By Matt Reese
There is no doubt the people of Toledo care about Lake Erie — and they should — though it could be argued that some of this caring is misguided and counterproductive. This is certainly the case with the recently Toledo-voter approved, and fairly bizarre, Lake Erie Bill of Rights (LEBOR). I do believe that no small amount of genuine caring went into the effort to get LEBOR passed, but I am also pretty certain that Lake Erie itself most definitely does not care.
Now with a Bill of Rights like a person, Lake Erie (whether it cares or not) can take legal action against parties who could damage it.
“[The lake] now has legal rights, but they would say that the lake is an indefensible entity, so therefore it needs help defending itself. Help is granted to the lake by passing the LEBOR law and allowing the citizens of Toledo to come to the lake’s defense as a legal entity,” said John Torres, with the Ohio Corn and Wheat Growers Association. “This puts everybody — not just farmers — at risk in the Lake Erie Watershed. If you live in any of about 35 Ohio counties surrounding the lake in northern Ohio, some counties in Michigan and Indiana, areas in Ontario, Canada, and parts of Pennsylvania and New York, you could be subject to this law that the people of Toledo have passed. This could be anybody that some concerned citizen in the city of Toledo thinks may be contributing to pollution in the lake however they define it in a citizen-led lawsuit. In theory, the city could even end up suing itself under this new law.”
The legalities are definitely a bit fuzzy for LEBOR, which is why the legal battle began the day following the special election in Toledo when the Drewes farm in Wood county filed suit regarding its constitutionality.
It is hard to see how the political and legal wrangling of LEBOR will do anything positive for the quality of the lake and it would seem that good old-fashioned lack of patience is largely to blame for whatever fiasco ensues from LEBOR.
“According to extreme environmentalists, we haven’t moved fast enough for them,” Torres said. “They have been looking for every tool they can find to get their agenda pushed through as fast as possible. This is the latest tool they are employing to advance their agenda for the lake.”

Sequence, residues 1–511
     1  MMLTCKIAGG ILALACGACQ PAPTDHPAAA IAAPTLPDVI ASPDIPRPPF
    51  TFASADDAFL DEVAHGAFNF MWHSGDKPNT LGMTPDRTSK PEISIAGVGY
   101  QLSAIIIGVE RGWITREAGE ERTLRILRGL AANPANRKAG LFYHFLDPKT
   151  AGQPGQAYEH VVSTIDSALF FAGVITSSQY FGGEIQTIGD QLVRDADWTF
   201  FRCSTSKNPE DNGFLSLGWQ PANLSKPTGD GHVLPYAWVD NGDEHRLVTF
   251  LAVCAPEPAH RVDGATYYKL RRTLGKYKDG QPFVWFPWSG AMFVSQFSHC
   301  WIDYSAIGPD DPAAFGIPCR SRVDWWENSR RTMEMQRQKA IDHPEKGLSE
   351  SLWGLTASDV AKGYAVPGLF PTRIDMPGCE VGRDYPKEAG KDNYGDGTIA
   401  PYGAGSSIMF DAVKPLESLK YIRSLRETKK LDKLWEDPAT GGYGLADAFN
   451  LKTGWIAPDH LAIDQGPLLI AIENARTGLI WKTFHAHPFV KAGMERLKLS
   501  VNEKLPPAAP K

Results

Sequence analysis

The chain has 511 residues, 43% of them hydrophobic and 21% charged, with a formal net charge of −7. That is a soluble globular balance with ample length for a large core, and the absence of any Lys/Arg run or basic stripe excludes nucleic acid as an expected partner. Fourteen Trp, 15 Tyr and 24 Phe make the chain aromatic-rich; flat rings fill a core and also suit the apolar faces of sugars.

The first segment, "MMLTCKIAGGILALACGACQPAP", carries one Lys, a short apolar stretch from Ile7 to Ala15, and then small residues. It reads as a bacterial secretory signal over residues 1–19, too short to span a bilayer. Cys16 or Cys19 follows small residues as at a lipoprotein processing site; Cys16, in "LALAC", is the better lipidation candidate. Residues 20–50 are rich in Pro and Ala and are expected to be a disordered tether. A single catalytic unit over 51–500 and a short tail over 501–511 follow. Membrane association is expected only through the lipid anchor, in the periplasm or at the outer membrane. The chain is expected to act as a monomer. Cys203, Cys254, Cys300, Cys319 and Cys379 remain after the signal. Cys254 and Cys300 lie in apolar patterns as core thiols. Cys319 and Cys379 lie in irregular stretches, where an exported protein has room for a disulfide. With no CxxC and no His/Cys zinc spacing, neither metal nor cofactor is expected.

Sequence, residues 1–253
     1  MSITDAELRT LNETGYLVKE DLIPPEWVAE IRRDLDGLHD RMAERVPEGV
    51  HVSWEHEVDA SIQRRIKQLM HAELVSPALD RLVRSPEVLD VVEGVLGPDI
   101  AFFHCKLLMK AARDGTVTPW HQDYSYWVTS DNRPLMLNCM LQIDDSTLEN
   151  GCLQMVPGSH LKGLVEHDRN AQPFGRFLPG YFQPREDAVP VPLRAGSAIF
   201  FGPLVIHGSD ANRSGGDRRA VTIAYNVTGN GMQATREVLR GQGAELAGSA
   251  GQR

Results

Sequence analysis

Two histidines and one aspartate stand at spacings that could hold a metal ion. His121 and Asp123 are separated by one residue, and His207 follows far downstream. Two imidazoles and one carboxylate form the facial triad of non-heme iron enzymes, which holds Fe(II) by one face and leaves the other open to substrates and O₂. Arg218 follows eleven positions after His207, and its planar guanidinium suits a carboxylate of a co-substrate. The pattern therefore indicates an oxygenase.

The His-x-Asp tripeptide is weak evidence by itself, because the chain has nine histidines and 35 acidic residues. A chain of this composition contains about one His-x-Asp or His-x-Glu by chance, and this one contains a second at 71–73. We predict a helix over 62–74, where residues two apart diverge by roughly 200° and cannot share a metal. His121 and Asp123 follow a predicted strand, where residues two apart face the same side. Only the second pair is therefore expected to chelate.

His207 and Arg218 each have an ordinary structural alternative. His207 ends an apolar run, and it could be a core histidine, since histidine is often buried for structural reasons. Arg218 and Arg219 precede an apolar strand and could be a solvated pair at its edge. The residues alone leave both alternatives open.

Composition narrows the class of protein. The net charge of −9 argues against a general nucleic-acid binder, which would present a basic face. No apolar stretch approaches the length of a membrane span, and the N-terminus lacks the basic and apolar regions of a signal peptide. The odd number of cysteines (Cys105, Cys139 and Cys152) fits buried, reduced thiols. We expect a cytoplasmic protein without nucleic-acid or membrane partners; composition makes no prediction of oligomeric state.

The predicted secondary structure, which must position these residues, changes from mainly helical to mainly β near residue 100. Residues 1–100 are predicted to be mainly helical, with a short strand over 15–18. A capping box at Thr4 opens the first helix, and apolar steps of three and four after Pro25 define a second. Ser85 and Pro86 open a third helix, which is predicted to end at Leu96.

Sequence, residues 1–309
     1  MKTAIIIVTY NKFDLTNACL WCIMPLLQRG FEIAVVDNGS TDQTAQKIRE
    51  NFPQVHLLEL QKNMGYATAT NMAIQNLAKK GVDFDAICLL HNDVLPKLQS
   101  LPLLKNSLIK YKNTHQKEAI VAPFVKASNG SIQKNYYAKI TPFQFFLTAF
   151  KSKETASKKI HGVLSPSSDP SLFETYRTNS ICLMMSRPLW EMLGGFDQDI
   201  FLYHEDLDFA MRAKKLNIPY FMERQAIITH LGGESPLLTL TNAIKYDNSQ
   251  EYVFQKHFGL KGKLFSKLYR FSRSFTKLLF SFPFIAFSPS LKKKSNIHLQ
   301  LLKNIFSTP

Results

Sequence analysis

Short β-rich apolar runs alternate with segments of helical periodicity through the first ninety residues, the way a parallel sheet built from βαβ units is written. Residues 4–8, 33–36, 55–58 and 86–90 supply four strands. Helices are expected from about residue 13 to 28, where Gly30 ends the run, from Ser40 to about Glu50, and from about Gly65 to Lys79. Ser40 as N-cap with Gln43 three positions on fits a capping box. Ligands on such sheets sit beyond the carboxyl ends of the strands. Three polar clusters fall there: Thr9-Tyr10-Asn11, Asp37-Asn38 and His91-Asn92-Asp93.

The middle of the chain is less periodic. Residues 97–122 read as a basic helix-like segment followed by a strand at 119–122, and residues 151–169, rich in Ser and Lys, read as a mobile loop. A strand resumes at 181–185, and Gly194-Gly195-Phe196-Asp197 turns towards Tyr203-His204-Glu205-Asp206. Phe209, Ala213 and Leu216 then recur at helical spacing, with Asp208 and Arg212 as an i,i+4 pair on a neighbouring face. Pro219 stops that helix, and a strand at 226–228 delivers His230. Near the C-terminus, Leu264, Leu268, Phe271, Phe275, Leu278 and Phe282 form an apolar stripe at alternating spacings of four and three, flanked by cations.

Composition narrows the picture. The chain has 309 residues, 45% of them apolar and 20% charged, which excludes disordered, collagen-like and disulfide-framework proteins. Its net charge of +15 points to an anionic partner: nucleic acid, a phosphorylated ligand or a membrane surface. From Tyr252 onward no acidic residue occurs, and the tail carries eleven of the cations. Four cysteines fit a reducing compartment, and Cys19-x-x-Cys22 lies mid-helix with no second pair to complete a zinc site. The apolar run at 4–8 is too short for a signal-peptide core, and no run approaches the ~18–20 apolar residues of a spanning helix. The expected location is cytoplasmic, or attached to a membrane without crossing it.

Unfortunately, though, lawsuits and LEBOR will not speed up the reality of cleaner water, and will probably do the opposite. LEBOR has taken (and will take) valuable financial resources that could instead be used for actual water quality improvement measures. According to the Toledo Blade, the citizens of Toledo shelled out $254,400 for the special election that included LEBOR. This significant sum of money could have been vastly more useful if it would have instead been used to add 12 or 13 on-farm phosphorus filters in the watershed, which remove up to 75% of the phosphorus running through them.
Moving forward, the results of the election will result in unknown (but certainly staggering) legal and court costs. How many filters, controlled drainage systems, cover crop acres, and nutrient incorporation tools could be bought with the cost of upcoming LEBOR legal battles? It is a head scratcher to be sure.
Meanwhile, a mountain of money is being spent on research efforts, implementation of best management practices on farms, and edge-of-field water monitoring efforts to find and enact real solutions for improving water quality that, admittedly, will take some time.
Though there are a few Toledo voters who are very excited Lake Erie now has a Bill of Rights, I can assure you the lake is monumentally uninterested.
Lake Erie is a treasure,
On that we can agree.
And with great treasure,
The blessings and the burdens,
Are all of ours to share.
But I’ve got news to tell you,
The Lake don’t care.
You can stand upon a podium,
And cite all of the ills,
Of farming and pollution,
human waste and manure spills.
You can scream, “It isn’t fair!”
You can take a farmer into court,
But the Lake don’t care.
The Lake was green before us,
It will be green when we’re past,
Now it is true that what we do,
Has impacts that can last,
But so do weather, wildlife,
And the ecosystems we all share.
I asked about its thoughts and found,
The Lake don’t care.
You may care, your neighbor may care,
(You can ask them if they do).
(no matter who they sue).
You can berate and legislate
Or conversate (though rare),
Or celebrate or demonstrate,
But the Lake don’t care.
We need to keep on learning,
And let time and patience work,
And spend more time cooperatin’,
Than shoutin’ and actin’ like jerks,
Casting blame and passing the buck,
Pointing fingers here and there,
And raising a holy hullabaloo,
‘Cause the Lake don’t care.
Algae green, hard earned and real,
For this vexing Lake Erie deal.
It takes time from planting to harvest,
All in agriculture know that’s true.
And while Lake Erie does not care one bit,